The green patina which is often seen on brass or copper articles of great age, and which is often very beautiful in appearance, consists for the most part of a layer of copper carbonate. We may obtain such a patina on brass and copper articles by burying them in damp earth for a considerable period. Such a process, however, is a slow and an uncertain one.
An excellent green patina can be given to copper and brass objects by suspending them from some improvised wooden stand and then placing them in an airtight container. Within the container is placed, also, a small vessel containing some ordinary washing soda or bicarbonate of soda, together with a little water. The metal articles are brushed over with strong vinegar, or, better still with dilute acetic acid, and a little of the acid is poured into the soda-containing vessel, the container then being immediately closed up. The carbon-dioxide gas evolved from the soda-acid mixture will react with the acetic acid on the metal' articles, and gradually the latter will acquire a yellow-green coloration and a hard, shiny surface.
The operations mentioned in the above paragraph should be repeated every alternate day until the metal articles have been sufficiently coloured, a task which will occupy about two or three weeks.
A quicker method of obtaining a green colour upon brass or copper articles consists in painting them over daily with the following solution : 3 parts Copper Carbonate, 1 part Sal-ammoniac, 1 part Common Salt, 1 part Copper Acetate, 1 part Cream of Tartar and 8 parts Strong Vinegar.
This solution gives a blue-green coloration which takes about four complete days to develop. Quite a good yellow-green coloration may be obtained on copper and brass (particularly the latter) articles by brushing them over daily with a mixture of vinegar, common salt and ordinary sugar. Note that for the production of these antique green colorations the metals must not be immersed in the solutions, but merely brushed over with them.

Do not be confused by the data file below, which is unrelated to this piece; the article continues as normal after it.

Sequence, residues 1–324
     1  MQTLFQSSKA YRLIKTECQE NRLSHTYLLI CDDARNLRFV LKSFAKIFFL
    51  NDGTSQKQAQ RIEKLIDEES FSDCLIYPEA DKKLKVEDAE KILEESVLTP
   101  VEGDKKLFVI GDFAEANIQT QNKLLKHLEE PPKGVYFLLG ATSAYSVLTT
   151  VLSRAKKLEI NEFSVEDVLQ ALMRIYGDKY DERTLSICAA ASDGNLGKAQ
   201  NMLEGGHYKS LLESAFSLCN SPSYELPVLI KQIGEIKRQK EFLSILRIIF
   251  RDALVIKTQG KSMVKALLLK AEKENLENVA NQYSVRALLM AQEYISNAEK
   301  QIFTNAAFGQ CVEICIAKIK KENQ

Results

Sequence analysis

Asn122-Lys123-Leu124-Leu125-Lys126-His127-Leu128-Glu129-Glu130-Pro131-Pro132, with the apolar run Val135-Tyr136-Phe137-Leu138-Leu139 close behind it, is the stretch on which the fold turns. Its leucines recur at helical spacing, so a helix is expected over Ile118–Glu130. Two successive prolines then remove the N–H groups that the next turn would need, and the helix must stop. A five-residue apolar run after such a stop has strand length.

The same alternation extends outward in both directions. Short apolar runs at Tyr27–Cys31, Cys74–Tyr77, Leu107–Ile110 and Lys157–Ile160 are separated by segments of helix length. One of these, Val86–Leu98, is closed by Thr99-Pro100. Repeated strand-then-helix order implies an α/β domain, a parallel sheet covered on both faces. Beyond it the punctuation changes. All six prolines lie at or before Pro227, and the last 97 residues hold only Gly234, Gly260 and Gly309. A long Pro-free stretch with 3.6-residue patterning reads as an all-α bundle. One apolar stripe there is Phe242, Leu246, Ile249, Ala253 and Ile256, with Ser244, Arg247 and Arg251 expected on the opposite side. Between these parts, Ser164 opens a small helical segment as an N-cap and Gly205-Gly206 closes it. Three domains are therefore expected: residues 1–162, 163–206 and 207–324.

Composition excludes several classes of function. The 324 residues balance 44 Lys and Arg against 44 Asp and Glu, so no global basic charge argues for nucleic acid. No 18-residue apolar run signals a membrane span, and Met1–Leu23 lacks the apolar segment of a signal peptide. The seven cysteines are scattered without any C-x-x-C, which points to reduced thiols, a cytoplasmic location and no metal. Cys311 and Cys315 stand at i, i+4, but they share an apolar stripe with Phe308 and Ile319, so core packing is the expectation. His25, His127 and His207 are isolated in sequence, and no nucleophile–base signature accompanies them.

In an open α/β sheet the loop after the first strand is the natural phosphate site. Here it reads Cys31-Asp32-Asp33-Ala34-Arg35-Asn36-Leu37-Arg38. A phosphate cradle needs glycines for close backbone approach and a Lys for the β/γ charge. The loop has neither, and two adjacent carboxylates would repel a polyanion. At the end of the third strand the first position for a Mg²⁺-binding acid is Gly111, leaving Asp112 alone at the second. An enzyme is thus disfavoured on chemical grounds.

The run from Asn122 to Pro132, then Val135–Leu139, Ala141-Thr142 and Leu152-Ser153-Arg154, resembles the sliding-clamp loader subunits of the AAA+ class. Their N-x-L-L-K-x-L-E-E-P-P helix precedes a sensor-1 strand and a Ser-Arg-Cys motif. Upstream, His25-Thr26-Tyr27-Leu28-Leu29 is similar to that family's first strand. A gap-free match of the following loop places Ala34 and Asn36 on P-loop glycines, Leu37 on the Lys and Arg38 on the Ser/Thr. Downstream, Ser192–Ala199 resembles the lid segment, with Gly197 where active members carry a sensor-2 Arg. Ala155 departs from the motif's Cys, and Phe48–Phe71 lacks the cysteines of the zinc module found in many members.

The silvery appearance of aluminium is not always desirable. It may, however, be permanently and uniformly dulled by dipping the metal in a hot, moderately strong solution of caustic soda (sodium hydroxide) for a few seconds. The metal will thereafter have a matt appearance. If aluminium so treated is immediately rinsed in warm water and then immersed in a hot solution of an aniline dye, the aluminium surface will take up a little of the dyestuff, and will become permanently tinted. This constitutes an imitation of the now well-known process of "anodising" aluminium and the subsequent "dyeing" of the metal.
By immersing zinc in a hot solution of ammonium molybdate containing a little free ammonia, a deposit of metallic molybdenum-plated zinc has a very fine colour, ranging from an iridescent golden yellow to a steely brown. Aluminium articles can be made to acquire a dusky hue by the same process.
What is known as "oxidised silver" is simply silver which has been immersed in a weak solution of liver of sulphur (potassium sulphide) containing a little ammonia. Very weak solutions produce the best results, for in strong solutions the silver is merely blackened.
Similarly, nickel-plated articles may be " oxidised" by immersion for a few seconds in the above solution, in which they usually acquire a dark golden tint.
Brass articles may be made to acquire an extraordinary series of colorations ranging from pale gold to pink and pale blue simply by immersing them in a solution containing half an ounce each of lead acetate and "hypo" (sodium hyposulphite) to the pint of water.
It is difficult to obtain good permanent colorations on tin objects. If, however, a sheet of tin is heated to near its melting-point and is then suddenly plunged into the following solution, nitric acid 1 part, sulphuric acid 10 parts, water 89 parts, the surface of the metal will acquire a very beautiful crystalline appearance to which the term moire metallique (watered metal) has been applied.
Metal articles which have been chemically coloured should invariably be well rinsed in warm water and then dried in warm sawdust before a fire. Afterwards their surface appearance may be heightened and improved by rubbing them over with a soft polishing cloth charged with a little light oil.